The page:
How to Safely Operate an Excavator

Jan. 2, 2024
Even the shortest moment unfocused on the task at hand can lead to an excavator accident.

Hydraulic excavators can accomplish multiple tasks on job sites, but their versatility can trick operators into thinking that they can do more than they’re built to do. As one of the most familiar machines in the industry, excavators can also give even experienced operators a false sense of security.

Ground conditions can shift or collapse, grades can cause machines to topple, and every inch of the 360 degrees surrounding an excavator holds a potential impact point or hazard as it swings or travels. An operator lapse of even a second can damage the machine or surrounding structures, or can take the life of someone nearby.

What should an excavator operator do before working?

Manufacturer product and safety experts recommend that excavator operators survey work areas and ground conditions before beginning work with the machine. Look for uneven areas or soft ground conditions, as a stable foundation will minimize the risk of tipping.

“Inspect the job site for any new obstacles from the day before,” says Tyler Anderson, senior product safety and compliance engineer for Bobcat. “Doing this inspection during the daily equipment walkaround is a great way to make sure all aspects of the job site are considered.”

The site inspection should also identify potential hazards, some of which can be cleared away before operations begin.

“A safe working environment should be clear of any unnecessary debris that can interfere with the excavator's movements,” says Jacob Sherman, product and dealer marketing manager for Develon North America. “When the job site is clutter-free, the operator can clearly see the area and work more efficiently, as well as navigate or move the machine for increased productivity.”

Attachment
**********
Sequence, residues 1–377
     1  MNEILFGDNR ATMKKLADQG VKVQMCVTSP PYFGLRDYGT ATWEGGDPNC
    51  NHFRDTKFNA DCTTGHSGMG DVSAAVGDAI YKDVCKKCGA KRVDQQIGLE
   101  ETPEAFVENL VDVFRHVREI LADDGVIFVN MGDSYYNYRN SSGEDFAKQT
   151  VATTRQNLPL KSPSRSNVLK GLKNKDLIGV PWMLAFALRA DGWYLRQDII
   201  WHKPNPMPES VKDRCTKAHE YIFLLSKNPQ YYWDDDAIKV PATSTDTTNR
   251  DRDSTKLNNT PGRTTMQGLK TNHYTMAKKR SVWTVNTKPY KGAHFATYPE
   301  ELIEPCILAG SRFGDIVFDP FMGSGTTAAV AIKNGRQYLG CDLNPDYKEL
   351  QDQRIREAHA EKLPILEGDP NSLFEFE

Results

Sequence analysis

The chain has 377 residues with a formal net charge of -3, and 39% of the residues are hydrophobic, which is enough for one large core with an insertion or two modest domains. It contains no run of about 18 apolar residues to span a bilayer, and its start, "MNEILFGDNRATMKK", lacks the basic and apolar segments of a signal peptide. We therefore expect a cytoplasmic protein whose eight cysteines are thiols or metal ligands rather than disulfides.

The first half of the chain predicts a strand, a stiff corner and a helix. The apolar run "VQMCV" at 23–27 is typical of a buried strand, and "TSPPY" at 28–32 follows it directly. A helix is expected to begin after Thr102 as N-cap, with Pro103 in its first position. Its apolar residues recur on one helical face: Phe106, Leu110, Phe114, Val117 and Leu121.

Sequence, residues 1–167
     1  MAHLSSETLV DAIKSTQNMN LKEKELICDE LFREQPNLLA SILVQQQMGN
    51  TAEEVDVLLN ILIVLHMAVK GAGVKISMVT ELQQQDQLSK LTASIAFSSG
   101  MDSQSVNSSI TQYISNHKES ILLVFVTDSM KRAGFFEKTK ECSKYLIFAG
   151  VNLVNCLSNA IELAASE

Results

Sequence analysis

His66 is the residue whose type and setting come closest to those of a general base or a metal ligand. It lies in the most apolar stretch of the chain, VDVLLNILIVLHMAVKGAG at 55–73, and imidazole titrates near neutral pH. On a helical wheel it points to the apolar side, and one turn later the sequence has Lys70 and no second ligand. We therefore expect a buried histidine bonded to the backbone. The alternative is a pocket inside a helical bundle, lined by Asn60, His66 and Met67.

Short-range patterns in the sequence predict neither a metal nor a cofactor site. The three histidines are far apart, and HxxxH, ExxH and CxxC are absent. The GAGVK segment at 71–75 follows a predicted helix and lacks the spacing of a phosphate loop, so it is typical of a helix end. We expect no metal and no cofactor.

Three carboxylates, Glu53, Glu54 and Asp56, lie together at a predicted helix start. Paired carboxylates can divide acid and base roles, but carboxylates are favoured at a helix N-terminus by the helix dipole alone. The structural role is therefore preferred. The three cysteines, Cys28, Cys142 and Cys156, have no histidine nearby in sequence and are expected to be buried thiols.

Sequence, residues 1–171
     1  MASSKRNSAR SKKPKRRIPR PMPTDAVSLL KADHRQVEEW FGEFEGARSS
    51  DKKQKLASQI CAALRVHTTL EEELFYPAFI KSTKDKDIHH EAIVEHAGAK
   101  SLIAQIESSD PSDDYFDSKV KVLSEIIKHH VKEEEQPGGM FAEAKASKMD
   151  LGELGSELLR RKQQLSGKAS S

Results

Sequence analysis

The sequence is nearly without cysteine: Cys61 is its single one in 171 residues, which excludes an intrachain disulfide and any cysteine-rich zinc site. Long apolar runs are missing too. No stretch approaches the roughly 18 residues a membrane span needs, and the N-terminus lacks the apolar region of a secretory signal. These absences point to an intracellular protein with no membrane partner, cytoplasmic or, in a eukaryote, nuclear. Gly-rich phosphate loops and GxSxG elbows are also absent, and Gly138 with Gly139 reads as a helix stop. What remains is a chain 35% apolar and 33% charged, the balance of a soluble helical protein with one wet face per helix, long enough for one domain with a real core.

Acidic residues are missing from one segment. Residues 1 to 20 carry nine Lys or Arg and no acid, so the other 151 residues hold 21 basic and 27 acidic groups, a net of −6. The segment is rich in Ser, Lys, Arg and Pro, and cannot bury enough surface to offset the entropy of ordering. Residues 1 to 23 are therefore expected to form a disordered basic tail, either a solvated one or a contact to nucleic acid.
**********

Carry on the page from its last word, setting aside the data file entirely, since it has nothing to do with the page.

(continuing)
Anderson says, “Operating an excavator…can pose a safety risk if the operator…doesn’t take a proactive and mindful approach to job site safety. Continuous awareness of the surrounding environment is one aspect….”

On demolition projects, special consideration should be made to avoid tipping over the machine as it crawls around the site. Make sure the area is stable before moving or lifting debris.

How to avoid trench accidents

Trenches and people are two common hazards involved in excavator mishaps, both of which can result in fatalities. Operators should stay a safe distance from trench edges to avoid collapsing the walls and possibly trapping those in it. Best practice, according to Sherman, is to position the machine on a stable, level surface and avoid putting stress on the soil or edge of the trench.

Knowing where people are working or standing is crucial before ever moving or swinging the excavator. Blinds spots exist around the boom, arm, and bucket, as well as behind and around the machine. Cameras, mirrors, or a spotter can help an operator know when it is safe to move the machine. Riders should never be allowed on the machine while it is moving, either.

Read also: Worker Killed when Excavator Tips in Florida

As operators move the excavator, they must confirm that the direction of travel corresponds to the levers and pedals. The Hitachi manual says to determine the position of the undercarriage, pointing out that if travel motors are in front of the cab, the machine will move in reverse when levers or pedals are operated to the front.

Obstructions also pose risk not only to the operator, but also to nearby people. Moving over fragments of rocks or metal pieces may scatter the material, which may hit those standing around the travel path. Operating on a slope can cause the machine to slip or overturn, injuring not only the operator, but also anyone near enough to be struck by the boom or other parts of the machine.

When climbing up or down a slope, keep the bucket facing the direction of travel, slightly above the ground. If the machine starts to skid or become unstable, lower the bucket to the ground and stop traveling.

Backing up over a person or hitting them with a swinging upper structure or stick can cause death or serious injury. Check the surrounding area before reversing or swinging, use the horn to warn others before moving, and be alert for anybody moving into the work area.

About the Author

Rod Sutton

I have served as the editorial lead of Construction Equipment magazine and since 2001. 

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